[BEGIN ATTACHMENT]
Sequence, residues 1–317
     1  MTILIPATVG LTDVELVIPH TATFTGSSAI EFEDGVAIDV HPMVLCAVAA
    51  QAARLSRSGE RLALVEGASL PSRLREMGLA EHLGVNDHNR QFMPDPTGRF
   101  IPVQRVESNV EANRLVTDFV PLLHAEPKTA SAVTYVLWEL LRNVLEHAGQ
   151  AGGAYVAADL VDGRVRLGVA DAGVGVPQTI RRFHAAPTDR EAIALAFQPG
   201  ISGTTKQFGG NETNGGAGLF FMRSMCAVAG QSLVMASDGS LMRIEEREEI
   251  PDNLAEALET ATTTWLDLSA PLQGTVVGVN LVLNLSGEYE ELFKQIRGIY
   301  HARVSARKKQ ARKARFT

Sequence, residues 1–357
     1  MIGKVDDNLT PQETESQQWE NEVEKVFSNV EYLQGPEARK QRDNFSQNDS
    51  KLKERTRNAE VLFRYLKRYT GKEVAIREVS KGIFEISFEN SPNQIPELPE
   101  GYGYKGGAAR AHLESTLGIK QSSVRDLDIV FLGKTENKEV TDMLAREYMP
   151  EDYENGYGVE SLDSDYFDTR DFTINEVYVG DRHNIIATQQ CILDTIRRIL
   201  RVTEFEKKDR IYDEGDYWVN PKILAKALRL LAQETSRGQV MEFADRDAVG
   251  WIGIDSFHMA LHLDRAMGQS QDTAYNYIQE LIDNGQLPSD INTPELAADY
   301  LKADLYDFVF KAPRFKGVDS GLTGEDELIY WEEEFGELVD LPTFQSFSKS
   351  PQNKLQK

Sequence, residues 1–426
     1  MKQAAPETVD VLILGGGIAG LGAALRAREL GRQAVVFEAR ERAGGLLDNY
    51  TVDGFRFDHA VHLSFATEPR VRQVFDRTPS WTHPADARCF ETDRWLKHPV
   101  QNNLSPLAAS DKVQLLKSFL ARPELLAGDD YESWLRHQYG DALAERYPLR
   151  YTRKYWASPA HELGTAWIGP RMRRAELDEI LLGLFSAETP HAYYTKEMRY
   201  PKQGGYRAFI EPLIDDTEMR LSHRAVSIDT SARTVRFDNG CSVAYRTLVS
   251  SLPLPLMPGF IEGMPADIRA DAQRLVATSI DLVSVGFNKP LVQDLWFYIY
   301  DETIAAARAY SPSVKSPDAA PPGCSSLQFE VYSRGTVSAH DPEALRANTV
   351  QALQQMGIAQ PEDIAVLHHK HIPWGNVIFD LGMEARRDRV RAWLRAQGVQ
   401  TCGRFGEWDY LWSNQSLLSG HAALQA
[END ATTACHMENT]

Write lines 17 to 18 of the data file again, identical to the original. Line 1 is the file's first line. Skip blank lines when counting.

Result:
   351  PQNKLQK

Sequence, residues 1–426